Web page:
Intro to Ecological Economics

Ecological? Degrowth? Equality? What do these ideas have to do with economics, and what does it mean to build an economics from the ground up based on these principles? Ecological Economist Ronald Trosper and Feminist Degrowth scholar Susan Paulson will explore these ideas in an excellent primer for the conference.

 

Degrowth and Ecomodernism: Divergent Futures?

Will technology save us? Is it enough to invest in further innovation and free markets? Do we need to fundamentally rethink our relationship to technology, wealth, economic systems, and the rest of the planet we live on? Ted Nordhaus represents a leading think tank of techno optimists dedicated to engaging meaningfully with ideas counter to their own. Giorgios Kallis is the degrowth theorist most deeply analyzing and responding to the arguments for a techno-utopian future. Their conversation with each other won’t be anything other than fascinating.

 

Political and Ethical Relationships

The challenges we collectively face are not merely technical, but are ethical, political,and cultural in nature. Members of this panel will outline the significant implications of ecological economics as a political practice, which must be incorporated into the work of scholars and activists alike. This demands radically alternative skillsets for how we know, think, and relate to one another and to nature in a post-growth society.

 

Green Politics and the Right: Possible Alliance?

Come hear the municipal government leader of a small rural Ontario county committed to eliminating poverty, achieving zero waste, and 100% renewable energy discuss the journey to making these commitments. Then Sociology Professor Stephen Quilley and the Ontario Green Party’s Director of Outreach Paul Gregory will imagine a new political landscape: What would make (rural) conservatives and petrol-heads vote Green? Is there a way for Greens to ride the populist wave and escape the constraining binary logic of left(liberal) versus right?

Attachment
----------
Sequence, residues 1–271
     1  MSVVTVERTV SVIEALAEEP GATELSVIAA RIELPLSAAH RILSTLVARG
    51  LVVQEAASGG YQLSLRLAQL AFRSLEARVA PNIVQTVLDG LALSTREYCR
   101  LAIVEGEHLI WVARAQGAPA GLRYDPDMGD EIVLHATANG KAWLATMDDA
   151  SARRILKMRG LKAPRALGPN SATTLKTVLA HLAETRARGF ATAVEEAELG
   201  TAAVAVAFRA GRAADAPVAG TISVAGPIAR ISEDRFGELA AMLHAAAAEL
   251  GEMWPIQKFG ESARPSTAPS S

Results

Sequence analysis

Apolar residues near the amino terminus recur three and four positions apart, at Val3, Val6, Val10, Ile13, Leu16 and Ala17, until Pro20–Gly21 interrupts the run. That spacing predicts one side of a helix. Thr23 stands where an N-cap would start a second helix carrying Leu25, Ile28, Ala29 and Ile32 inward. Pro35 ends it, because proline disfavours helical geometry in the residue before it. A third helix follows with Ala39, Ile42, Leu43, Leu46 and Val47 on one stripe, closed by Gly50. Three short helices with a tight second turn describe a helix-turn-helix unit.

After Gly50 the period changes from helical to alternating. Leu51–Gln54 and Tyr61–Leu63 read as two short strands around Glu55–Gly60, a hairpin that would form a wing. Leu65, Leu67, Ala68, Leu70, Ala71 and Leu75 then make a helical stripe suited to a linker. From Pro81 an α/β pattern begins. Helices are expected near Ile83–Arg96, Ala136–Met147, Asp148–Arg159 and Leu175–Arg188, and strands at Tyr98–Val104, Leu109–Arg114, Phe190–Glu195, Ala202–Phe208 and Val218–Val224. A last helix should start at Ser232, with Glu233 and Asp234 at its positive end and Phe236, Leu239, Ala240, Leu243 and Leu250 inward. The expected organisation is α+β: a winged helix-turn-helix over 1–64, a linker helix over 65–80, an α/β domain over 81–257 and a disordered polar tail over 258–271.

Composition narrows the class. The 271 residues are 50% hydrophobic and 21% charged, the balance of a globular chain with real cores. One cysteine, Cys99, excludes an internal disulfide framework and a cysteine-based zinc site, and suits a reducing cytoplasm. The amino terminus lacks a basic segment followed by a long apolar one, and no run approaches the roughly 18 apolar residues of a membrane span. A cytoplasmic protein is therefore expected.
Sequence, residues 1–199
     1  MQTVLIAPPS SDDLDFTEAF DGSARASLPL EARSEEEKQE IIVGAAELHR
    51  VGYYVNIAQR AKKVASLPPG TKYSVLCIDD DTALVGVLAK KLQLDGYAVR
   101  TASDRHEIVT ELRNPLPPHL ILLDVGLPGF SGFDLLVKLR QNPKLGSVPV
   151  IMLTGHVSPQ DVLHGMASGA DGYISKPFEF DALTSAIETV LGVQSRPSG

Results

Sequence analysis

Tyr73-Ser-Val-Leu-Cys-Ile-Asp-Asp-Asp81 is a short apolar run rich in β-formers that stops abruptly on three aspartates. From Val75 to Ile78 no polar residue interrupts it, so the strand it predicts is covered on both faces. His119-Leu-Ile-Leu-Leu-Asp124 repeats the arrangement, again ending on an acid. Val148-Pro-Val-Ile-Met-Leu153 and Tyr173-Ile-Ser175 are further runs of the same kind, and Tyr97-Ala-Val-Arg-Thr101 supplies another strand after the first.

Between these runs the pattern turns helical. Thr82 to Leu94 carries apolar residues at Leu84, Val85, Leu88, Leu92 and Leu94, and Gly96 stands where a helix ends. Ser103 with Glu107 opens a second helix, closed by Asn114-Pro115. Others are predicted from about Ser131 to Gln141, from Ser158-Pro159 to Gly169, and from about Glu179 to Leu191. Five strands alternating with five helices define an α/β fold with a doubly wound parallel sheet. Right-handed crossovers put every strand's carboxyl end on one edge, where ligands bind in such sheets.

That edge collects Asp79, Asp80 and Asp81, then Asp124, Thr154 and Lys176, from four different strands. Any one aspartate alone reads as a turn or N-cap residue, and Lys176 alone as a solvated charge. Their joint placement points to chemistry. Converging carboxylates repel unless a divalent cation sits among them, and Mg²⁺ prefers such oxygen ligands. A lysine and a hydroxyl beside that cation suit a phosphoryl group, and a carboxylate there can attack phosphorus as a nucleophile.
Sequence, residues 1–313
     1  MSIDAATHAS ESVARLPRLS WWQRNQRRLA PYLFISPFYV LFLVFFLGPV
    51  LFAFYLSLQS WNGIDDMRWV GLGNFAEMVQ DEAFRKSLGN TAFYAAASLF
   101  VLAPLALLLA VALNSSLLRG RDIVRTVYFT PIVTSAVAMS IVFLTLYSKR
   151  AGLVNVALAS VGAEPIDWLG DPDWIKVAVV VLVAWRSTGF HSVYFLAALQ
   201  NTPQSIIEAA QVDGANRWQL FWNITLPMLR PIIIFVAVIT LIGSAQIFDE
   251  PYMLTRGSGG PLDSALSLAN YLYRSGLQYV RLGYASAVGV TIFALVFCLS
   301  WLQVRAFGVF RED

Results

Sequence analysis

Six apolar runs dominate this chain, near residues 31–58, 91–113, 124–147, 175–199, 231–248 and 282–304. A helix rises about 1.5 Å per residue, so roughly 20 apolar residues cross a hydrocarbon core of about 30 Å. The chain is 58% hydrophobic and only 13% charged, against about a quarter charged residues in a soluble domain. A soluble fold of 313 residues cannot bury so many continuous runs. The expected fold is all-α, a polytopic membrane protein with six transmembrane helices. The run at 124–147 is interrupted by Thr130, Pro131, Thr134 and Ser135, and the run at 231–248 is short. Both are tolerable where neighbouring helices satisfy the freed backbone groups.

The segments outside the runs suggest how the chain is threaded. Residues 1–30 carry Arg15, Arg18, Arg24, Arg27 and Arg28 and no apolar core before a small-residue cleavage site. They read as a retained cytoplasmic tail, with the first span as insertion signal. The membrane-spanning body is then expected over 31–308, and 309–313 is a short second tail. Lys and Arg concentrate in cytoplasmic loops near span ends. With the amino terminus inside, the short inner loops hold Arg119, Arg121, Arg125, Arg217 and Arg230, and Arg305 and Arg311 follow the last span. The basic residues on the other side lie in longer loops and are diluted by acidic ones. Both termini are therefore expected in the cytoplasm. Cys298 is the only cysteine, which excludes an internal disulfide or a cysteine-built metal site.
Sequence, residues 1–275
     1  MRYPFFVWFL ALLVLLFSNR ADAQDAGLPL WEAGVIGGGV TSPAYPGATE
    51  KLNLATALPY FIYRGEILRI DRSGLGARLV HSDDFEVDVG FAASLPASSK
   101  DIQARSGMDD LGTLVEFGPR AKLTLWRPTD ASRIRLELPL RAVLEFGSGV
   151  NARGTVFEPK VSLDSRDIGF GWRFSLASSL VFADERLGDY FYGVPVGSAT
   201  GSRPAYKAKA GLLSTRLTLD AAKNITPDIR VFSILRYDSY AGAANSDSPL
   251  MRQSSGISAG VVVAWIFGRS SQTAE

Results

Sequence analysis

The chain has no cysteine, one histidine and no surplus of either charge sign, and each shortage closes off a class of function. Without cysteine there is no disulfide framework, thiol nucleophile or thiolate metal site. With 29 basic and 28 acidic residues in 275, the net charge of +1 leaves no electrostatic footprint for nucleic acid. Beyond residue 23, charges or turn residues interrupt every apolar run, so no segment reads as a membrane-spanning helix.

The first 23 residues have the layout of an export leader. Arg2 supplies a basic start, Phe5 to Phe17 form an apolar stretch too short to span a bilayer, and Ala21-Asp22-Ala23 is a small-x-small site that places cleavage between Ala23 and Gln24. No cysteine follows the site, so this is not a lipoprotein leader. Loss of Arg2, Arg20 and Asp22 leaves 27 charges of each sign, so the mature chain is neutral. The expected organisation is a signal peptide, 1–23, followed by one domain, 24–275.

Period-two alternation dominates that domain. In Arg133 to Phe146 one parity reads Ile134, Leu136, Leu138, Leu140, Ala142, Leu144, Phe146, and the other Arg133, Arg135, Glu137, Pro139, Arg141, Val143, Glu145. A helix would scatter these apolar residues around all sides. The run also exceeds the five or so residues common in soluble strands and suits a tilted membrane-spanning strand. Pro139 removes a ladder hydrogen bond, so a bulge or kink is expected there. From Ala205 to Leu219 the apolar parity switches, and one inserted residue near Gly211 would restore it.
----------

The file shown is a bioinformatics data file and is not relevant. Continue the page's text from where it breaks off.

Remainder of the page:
Complexity

Members of this panel will tease out the ‘wicked tensions’ that persist between the biophysical and social realities of sustainability on a finite planet. Can the priorities of social justice advocates be achieved in the context of ecological overshoot?

 

Financing the Transition

There’s no two ways about it: a transition to a socially just low-carbon sustainable economy will be expensive. And business is often seen as standing in the way. But Ralph Hall has a plan to transform the Industrial State, and he’s ready to share.


Non-market Non-state Communities of Care

Exploring the diverse extra-market economies and non-market logics that persist outside of relations of capital, we return economic study to the original meaning of oikonomia – management and care of the common home – and escape from the modern economics of market exchange outside the household. Members of this panel highlight care, commoning, and decolonizing.